Saturday, February 29, 2020

A Look Back at the Forward-Thinking 2020 Canadian International AutoShow

Photo Credit: Chris Nagy


The recently concluded 2020 edition of the Canadian International AutoShow wraps as a grand celebration of wheels and the motors that propel them. More than just a gathering for vehicle manufacturers to impress us with their latest designs and technologies, the Metro Toronto Convention Centre played host to a multitude of ideas lined to the classic, modern and futuristic automotive genre. Within the massive gathering space was a chance to amuse yourself with various types of interactivity. Branded with the theme of “Transformative Times”, the 2020 Canadian International AutoShow acted in an attempt to shed light along the many crossroads the automobile industry faces while also reminding us of the delight of more than 100 years of motoring.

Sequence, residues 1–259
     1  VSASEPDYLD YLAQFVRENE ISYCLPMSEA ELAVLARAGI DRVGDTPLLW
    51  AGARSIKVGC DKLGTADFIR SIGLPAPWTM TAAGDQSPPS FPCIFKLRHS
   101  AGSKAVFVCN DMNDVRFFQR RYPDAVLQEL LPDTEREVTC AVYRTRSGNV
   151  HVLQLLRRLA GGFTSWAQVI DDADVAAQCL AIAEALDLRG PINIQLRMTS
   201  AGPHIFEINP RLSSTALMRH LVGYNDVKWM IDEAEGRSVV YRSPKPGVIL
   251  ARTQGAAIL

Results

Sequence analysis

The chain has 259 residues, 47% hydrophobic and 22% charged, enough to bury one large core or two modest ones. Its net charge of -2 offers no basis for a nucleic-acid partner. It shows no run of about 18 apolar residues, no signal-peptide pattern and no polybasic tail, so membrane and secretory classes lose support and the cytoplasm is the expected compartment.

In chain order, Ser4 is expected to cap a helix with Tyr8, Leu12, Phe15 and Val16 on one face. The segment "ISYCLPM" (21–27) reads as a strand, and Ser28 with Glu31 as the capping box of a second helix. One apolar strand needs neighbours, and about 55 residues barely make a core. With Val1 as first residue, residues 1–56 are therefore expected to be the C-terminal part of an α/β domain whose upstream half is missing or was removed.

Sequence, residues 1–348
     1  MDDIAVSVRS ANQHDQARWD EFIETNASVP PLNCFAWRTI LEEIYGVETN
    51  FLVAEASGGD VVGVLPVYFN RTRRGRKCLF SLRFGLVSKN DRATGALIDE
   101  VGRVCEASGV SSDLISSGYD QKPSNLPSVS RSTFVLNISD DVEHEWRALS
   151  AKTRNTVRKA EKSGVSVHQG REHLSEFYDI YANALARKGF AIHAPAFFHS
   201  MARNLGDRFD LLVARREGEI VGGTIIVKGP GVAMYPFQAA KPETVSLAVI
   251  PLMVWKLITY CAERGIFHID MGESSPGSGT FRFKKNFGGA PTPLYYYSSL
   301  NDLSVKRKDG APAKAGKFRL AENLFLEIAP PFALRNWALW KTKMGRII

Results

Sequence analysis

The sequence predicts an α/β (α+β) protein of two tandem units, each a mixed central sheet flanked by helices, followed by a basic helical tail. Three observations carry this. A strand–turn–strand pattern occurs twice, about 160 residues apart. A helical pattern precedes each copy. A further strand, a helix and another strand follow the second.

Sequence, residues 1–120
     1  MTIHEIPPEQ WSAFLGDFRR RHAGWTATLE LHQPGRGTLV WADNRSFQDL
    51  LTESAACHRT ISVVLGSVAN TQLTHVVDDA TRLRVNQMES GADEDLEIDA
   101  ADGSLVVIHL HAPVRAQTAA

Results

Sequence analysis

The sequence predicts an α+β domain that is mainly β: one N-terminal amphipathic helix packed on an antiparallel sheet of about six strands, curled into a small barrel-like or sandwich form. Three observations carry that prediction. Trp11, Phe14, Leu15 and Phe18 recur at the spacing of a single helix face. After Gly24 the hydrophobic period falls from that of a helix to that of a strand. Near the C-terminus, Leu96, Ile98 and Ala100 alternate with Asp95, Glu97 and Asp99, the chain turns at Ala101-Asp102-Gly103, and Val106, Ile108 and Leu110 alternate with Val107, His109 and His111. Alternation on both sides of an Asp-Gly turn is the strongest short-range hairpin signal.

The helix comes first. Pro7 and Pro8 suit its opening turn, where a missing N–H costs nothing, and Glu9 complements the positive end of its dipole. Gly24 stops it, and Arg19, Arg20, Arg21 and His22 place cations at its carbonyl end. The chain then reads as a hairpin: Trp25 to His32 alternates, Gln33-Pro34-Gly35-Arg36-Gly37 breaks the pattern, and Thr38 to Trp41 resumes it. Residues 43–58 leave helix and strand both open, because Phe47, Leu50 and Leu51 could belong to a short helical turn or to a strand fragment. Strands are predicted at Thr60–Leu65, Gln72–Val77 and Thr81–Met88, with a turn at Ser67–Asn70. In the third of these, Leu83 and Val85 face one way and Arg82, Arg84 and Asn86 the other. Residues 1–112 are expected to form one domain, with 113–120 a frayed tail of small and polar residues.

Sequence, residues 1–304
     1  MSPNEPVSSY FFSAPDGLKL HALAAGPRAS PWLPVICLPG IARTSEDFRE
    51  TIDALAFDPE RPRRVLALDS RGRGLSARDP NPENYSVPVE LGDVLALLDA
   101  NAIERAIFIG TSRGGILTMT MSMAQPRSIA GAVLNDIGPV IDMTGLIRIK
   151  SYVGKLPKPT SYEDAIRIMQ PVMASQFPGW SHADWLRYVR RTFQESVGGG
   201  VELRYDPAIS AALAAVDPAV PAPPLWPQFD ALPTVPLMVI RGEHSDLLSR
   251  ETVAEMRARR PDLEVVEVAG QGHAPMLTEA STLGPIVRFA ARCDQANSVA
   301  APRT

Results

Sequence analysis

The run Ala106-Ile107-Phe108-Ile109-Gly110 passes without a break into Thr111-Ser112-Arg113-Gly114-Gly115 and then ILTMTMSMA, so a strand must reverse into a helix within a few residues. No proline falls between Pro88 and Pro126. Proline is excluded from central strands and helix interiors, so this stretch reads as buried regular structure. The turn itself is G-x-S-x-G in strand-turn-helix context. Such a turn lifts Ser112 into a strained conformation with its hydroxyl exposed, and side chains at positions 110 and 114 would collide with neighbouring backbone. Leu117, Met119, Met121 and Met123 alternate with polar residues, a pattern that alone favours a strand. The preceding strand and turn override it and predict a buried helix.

Volkswagen's 2020 CIAS Press Conference
Photo Credit: Chris Nagy

In recent years, the Canadian International AutoShow has benefited from a high-profile lead-in that was held in Detroit. Previously a staple for January, the North American International Auto Show had provided a relatively fresh complement of captivating new cars and concepts that often made the trip across the border. The rescheduling of the North American International Auto Show for June this year is obviously resulting a restructuring of industry plans to exhibit their vehicles.